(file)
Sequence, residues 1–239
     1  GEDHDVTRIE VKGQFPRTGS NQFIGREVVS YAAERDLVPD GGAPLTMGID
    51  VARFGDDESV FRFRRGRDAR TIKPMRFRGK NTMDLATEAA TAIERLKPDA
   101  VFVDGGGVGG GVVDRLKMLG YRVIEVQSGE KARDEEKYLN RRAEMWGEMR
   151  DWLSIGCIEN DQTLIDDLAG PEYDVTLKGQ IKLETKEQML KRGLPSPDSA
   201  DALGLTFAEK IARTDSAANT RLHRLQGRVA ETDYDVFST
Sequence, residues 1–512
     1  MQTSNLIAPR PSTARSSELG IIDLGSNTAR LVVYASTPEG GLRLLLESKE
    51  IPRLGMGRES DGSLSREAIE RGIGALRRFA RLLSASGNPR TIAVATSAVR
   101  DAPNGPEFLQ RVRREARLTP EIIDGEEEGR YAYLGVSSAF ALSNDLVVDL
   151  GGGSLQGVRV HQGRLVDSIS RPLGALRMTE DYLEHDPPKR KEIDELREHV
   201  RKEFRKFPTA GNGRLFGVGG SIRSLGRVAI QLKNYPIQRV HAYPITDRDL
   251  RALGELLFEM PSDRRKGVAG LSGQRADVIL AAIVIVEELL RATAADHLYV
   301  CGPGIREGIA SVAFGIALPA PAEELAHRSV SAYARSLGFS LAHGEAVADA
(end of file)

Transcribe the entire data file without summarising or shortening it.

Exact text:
Sequence, residues 1–239
     1  GEDHDVTRIE VKGQFPRTGS NQFIGREVVS YAAERDLVPD GGAPLTMGID
    51  VARFGDDESV FRFRRGRDAR TIKPMRFRGK NTMDLATEAA TAIERLKPDA
   101  VFVDGGGVGG GVVDRLKMLG YRVIEVQSGE KARDEEKYLN RRAEMWGEMR
   151  DWLSIGCIEN DQTLIDDLAG PEYDVTLKGQ IKLETKEQML KRGLPSPDSA
   201  DALGLTFAEK IARTDSAANT RLHRLQGRVA ETDYDVFST
Sequence, residues 1–512
     1  MQTSNLIAPR PSTARSSELG IIDLGSNTAR LVVYASTPEG GLRLLLESKE
    51  IPRLGMGRES DGSLSREAIE RGIGALRRFA RLLSASGNPR TIAVATSAVR
   101  DAPNGPEFLQ RVRREARLTP EIIDGEEEGR YAYLGVSSAF ALSNDLVVDL
   151  GGGSLQGVRV HQGRLVDSIS RPLGALRMTE DYLEHDPPKR KEIDELREHV
   201  RKEFRKFPTA GNGRLFGVGG SIRSLGRVAI QLKNYPIQRV HAYPITDRDL
   251  RALGELLFEM PSDRRKGVAG LSGQRADVIL AAIVIVEELL RATAADHLYV
   301  CGPGIREGIA SVAFGIALPA PAEELAHRSV SAYARSLGFS LAHGEAVADA